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Spring vs Fall Soil Sampling OCT 26 2020 | New Growers and Producers | Agronomy and Blog Post

By Doon Pauly, Agronomy Research Scientist
Alberta Agriculture and Forestry

Soil sampling and analysis produce a “snapshot” of the nutrient status of soil at a given moment in time. The results and corresponding recommendations can then be the basis for fertilizer application decisions. Soil analysis is most relevant when sampling occurs close to seeding because the nutrient “snapshot” is similar to what is available for the crucial early-season nutrient uptake period. Since most Alberta crops are spring-seeded, this would imply that spring is the optimal time for soil sampling, but this is not always the case and there are logistic and agronomic pros and cons for both fall and spring soil sampling.

Fall Sampling:


  • The “window” for soil sampling in the fall is generally wider than is the case in the spring. Unless sampling equipment can work through frozen soil, spring sampling must happen in the relatively brief time between spring thaw and crop seeding.
  • Results and recommendations are available in the fall so informed fertilizer-related decisions, including fertilizer purchases, can be made during winter months.
  • In many cases, fall sampling seems so much more convenient than spring.


  • Soil is a dynamic system and nutrient levels, particularly nitrogen (N) change throughout the year. Fall soil test nitrate-N may denitrify and be lost during spring snow-melt events. This is especially true for the black and grey soil zones which tend to have sufficient snow to produce denitrifying conditions in the spring. Over-winter denitrification losses are often, but not always, minimal in the brown and dark brown soil zones where winter snowfall is frequently insufficient to create water saturated surface soils in the spring.
  • Fall soil analysis-based fertilization plans usually include a “fudge” or “guess” factor to compensate for potential losses.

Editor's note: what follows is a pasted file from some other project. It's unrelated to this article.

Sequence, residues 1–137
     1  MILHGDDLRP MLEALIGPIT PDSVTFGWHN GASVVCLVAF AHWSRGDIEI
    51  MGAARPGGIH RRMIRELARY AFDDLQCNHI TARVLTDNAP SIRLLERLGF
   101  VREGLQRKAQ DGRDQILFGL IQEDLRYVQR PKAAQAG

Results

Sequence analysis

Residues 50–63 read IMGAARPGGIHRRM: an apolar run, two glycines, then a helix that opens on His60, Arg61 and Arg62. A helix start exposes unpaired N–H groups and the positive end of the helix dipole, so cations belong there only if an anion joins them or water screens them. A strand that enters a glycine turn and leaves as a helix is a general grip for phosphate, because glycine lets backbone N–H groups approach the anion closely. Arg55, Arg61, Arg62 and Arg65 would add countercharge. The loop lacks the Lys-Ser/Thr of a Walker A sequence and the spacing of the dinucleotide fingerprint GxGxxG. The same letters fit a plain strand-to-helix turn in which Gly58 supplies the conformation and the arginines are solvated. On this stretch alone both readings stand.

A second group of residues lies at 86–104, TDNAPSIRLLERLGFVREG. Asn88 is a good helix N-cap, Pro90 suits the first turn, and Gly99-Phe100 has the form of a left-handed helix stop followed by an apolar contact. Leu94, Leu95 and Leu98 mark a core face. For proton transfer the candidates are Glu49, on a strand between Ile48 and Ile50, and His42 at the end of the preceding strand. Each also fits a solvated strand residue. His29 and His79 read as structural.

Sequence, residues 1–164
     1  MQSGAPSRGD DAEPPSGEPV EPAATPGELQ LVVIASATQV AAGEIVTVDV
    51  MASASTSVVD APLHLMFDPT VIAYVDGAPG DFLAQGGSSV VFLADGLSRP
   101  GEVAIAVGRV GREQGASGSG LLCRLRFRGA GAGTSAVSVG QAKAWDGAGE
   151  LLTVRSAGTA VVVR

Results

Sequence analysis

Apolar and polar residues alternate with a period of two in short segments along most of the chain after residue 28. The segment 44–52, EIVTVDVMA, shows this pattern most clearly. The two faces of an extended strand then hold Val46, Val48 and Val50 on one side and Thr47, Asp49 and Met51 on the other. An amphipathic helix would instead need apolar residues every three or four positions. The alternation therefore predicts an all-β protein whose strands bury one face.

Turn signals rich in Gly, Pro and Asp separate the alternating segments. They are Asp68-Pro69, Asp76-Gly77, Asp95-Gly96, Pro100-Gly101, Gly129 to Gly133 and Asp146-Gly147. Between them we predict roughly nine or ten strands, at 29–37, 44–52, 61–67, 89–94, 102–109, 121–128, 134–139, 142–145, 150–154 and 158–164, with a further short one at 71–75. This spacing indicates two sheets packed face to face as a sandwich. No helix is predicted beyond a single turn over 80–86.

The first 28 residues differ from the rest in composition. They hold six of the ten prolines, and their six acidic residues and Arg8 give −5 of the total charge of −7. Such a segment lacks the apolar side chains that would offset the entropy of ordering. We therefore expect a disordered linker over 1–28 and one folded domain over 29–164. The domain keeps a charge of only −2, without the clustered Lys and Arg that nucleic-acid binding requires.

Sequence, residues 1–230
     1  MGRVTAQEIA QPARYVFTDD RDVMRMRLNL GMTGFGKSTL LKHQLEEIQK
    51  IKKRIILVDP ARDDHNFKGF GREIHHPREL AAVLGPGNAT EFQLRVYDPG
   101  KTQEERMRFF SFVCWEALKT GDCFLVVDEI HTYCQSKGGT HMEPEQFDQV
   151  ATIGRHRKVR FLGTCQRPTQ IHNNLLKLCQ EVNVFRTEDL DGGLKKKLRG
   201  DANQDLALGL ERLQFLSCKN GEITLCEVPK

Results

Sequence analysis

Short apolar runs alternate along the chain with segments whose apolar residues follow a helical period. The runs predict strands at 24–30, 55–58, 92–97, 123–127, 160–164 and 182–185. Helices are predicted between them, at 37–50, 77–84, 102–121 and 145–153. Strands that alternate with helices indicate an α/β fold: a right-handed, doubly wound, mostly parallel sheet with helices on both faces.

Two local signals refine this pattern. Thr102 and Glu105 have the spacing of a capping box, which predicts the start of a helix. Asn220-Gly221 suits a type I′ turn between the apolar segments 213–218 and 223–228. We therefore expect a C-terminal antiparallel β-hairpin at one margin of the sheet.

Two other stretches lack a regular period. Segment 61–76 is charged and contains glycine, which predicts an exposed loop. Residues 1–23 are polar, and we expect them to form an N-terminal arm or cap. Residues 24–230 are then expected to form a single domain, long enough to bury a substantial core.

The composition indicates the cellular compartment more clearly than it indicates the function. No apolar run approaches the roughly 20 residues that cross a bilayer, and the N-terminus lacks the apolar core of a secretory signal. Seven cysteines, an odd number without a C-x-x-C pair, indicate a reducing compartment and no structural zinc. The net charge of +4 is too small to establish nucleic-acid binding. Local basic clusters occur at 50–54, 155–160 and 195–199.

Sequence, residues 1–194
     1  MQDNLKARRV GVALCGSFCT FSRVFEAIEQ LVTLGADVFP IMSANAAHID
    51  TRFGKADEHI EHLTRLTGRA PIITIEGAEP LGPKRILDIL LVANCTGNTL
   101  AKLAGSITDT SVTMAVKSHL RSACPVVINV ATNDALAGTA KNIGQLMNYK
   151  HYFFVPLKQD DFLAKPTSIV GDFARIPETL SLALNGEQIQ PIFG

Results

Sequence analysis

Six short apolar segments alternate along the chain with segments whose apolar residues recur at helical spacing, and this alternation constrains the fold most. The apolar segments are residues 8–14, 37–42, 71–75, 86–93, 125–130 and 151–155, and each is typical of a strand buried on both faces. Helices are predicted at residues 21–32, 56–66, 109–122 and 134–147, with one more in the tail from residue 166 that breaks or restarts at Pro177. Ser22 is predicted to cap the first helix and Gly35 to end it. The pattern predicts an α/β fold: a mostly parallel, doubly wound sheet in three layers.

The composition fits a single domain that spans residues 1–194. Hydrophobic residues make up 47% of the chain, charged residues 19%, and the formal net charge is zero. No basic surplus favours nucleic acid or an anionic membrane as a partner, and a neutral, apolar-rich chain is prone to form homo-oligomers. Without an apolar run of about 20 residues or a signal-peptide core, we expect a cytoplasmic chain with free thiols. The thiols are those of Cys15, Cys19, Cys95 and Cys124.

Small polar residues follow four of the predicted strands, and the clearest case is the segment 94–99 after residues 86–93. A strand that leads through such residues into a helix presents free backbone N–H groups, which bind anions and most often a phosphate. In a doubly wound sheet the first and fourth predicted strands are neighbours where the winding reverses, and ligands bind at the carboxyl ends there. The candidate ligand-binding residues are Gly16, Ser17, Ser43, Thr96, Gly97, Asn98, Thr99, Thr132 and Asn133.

Spring Sampling:


  • Spring soil test nutrients are unlikely to be lost from soil between sampling and the time the crop is growing and able to utilize them.
  • Fertilizer-related decisions based on spring sampling can be made with greater certainty and less guesswork than is the case with fall analysis.


  • The entire process of field sampling, shipping, and lab analysis may take five or more business days, and may delay seeding operations, or at least add stress to decision makers.


Pointers for both fall and spring soil sampling:

  • Microbial activity will affect soil test N levels. There is minimal N mineralization when soils are 5-7°C or less, so delay fall sampling until soils have cooled to these temperatures. In spring sample as early as possible when soils are thawed but still within this 5-7°C or less temperature range, even for late-seeded crops like dry beans or soybeans.
  • Some sampling equipment can auger or core through frozen soils. Frozen soil sampling can produce reliable results if samples are handled properly and the lab receives representative material.
  • Refrigerate soil soon after it is taken from the field. Deliver samples directly to a local lab or ship with “Next Day” or “Overnight” delivery to minimize the potential for samples sitting in warm conditions.
  • Sulphur (S) and N are both soluble and move in soil as water moves. After growing seasons with above average or well above average growing season rainfall, both N and S may have moved from the nutrient-rich surface soil to sub-surface horizons. Sample deep enough to capture these nutrients at depth.